5.3. Choosing and running an experimental design
5.3.3. How do you select an experimental design?
18.104.22.168. Fractional factorial designs
|By ‘Screening Design’ it is
generally meant an experimental plan that is intended to find the few significant
factors from a list of many potential ones. Alternatively we refer to a
design as a screening design if its primary purpose is to identify significant
main effects, rather than interaction effects, the latter being assumed
an order of magnitude less important. Even when the experimental goal
is to eventually fit a response surface model (an RSM analysis), the first
experimant should be a screening design when there are many main effects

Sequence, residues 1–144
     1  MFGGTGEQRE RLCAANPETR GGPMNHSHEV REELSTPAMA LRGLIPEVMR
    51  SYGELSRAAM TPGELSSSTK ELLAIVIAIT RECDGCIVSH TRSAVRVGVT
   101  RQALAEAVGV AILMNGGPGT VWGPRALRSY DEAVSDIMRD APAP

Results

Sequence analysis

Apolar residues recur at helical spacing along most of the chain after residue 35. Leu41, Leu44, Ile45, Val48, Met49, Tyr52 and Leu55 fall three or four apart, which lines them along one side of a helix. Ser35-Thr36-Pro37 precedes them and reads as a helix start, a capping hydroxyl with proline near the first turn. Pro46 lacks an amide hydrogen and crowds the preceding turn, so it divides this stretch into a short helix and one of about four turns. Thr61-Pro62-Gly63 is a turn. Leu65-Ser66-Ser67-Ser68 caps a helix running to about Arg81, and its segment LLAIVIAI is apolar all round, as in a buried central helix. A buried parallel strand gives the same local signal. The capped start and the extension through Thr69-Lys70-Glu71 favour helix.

(5 or more).
Screening designs are typically of resolution III. The reason is that in designs of resolution III, some main effects are confounded with two-factor interactions; the two-factor interaction are assumed of minor importance to the main effects (this might not be true, but we assume it anyway).
Sometimes designs of resolution IV are also used for screening designs. In these, main effects are confounded with, at worst, three factor interactions. This is better from the confounding viewpoint, but they require more runs than a resolution three design.
Another common screening-type family of designs are the Plackett-Burman designs, so named after their inventors. These designs are of resolution III and will be described later.
In short, screening designs are economical experimental plans which
focus on determining the relative significance of many main effects.